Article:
Whatever his calibre as a royal servant, there is no doubt that Geoffrey profited handsomely both in terms of royal gifts and in terms of cash and opportunity for investment. He was directly endowed with land during his early years in forest justice. On 22 April 1245 he was granted the reversion of the manors of Milcote and Dorsington, War.; this took effect on 9 April 1246. Meanwhile, on 29 March 1246, he had received Stamfordham "of the lands of the Normans", initially pending the reversion of Milcote and Dorsington though he was afterwards allowed to retain it. Finally, on 29 April 1248, he was allowed to exchange Stamfordham for the Warwickshire manor of Atherstone-upon-Stour, formerly held by the royal steward Geoffrey de Crowcombe. In the same category should be placed the manor of Stareton which he received from Waiter Marshal, Earl of Pembroke, before June 1243, no doubt as payment for his services whilst Marshal of the Household. Before his death, in November 1245, Waiter had quitclaimed the rent due from Geoffrey's land at Long Compton and had given him land and rents in the town of Warwick and in Cotes and Hardwick.

During these years Geoffrey was busily acquiring land from other sources. In essence he was employing the cash reward of royal service to exploit the opportunities offered by his favoured position. In three cases he gained valuable estates through the acquittance of debts to Jews. These were the core of his estate at Stivichall purchased from Wilham de Lucy in or around 1240, the estate centred on Bisseley near Coventry and later known as the manor of Shortley, acquired from Henry d'Aubigny during 1244-1245, and Ashover in Derbyshire which he took on lease for a term of 22 years in 1251 and purchased outright sometime during the next five years. Ashover and Stivichall were acquired by Geoffrey at one and two removes, respectively, from an impecunious landowner. The detail of these transactions reveals a good deal about the traffic in encumbered estates during the mid-thirteenth century. By the same means he acquired rents at Bearley, War., and at Heydon in Ewelme, Oxon.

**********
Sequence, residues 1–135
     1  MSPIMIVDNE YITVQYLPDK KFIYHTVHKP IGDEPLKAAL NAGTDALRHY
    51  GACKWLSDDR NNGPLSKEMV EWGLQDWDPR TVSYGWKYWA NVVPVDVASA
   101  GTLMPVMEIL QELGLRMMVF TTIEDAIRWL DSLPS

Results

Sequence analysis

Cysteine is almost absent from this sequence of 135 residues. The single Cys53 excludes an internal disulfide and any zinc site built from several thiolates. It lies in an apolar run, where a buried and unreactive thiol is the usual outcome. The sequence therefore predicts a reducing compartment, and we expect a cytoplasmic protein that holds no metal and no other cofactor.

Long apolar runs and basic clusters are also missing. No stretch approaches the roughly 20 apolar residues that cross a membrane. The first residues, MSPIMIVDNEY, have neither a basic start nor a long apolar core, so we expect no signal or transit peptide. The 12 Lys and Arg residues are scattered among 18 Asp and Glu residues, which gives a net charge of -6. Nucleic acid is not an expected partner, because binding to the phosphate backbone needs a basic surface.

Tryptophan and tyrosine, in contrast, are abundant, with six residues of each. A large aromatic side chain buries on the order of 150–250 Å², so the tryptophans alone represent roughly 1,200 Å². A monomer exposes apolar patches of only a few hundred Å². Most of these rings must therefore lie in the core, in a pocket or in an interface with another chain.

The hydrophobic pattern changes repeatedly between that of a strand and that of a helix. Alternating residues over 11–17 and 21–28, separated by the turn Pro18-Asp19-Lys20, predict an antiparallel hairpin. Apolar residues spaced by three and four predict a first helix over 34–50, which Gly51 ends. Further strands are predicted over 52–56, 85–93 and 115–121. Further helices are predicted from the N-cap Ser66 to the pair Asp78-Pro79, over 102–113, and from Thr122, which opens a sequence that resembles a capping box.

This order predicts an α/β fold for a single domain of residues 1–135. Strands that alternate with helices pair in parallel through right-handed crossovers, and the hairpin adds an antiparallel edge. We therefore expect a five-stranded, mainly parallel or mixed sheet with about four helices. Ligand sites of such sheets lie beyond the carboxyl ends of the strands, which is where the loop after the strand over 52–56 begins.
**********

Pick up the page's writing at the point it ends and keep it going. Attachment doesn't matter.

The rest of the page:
Several of Geoffrey's other major acquisitions are more difficult to categorise. From John de Monmouth he gained the manor of Chesterton close to Siddington at a date later than 1236 and closer to 1252. Geoffrey may have discharged John's debts to the Jews; but although John did have such debts, he does not appear to have been in serious financial difficulties. Geoffrey's acquisition of Harborough Magna between 1246 and 1252 was, in part at least, a family settlement. Hasculf de Harborough was the relative from whom he had recovered his estate at Siddington. Now Harborough passed to Geoffrey and Hasculf was given in return a life-tenancy of Little Dorsington. More curious is Geoffrey's acquisition of Weston Mauduit. The Langley Cartulary contains no charter of enfeoffment but only two minor grants by Williarn Mauduit of land lying close to Milcote. The inquisition in 1268 on the death of William's son, Earl of Warwick since 1263, records his alienation of land worth £15 per annum in Weston, and Geoffrey was clearly holding this estate before his death in 1274.